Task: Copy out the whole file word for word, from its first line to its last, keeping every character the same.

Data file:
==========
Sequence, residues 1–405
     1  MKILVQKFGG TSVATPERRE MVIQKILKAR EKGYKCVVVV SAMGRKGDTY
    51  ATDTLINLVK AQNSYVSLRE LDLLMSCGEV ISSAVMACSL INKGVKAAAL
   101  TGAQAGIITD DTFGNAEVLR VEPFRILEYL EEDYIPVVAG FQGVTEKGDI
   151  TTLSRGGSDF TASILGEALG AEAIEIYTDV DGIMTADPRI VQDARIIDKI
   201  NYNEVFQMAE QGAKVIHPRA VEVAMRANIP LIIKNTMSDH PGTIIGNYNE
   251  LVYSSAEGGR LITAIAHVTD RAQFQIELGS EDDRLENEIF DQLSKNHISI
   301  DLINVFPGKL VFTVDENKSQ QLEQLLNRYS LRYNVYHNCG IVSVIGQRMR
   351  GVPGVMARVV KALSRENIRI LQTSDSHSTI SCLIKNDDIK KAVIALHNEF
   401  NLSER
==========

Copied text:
Sequence, residues 1–405
     1  MKILVQKFGG TSVATPERRE MVIQKILKAR EKGYKCVVVV SAMGRKGDTY
    51  ATDTLINLVK AQNSYVSLRE LDLLMSCGEV ISSAVMACSL INKGVKAAAL
   101  TGAQAGIITD DTFGNAEVLR VEPFRILEYL EEDYIPVVAG FQGVTEKGDI
   151  TTLSRGGSDF TASILGEALG AEAIEIYTDV DGIMTADPRI VQDARIIDKI
   201  NYNEVFQMAE QGAKVIHPRA VEVAMRANIP LIIKNTMSDH PGTIIGNYNE
   251  LVYSSAEGGR LITAIAHVTD RAQFQIELGS EDDRLENEIF DQLSKNHISI
   301  DLINVFPGKL VFTVDENKSQ QLEQLLNRYS LRYNVYHNCG IVSVIGQRMR
   351  GVPGVMARVV KALSRENIRI LQTSDSHSTI SCLIKNDDIK KAVIALHNEF
   401  NLSER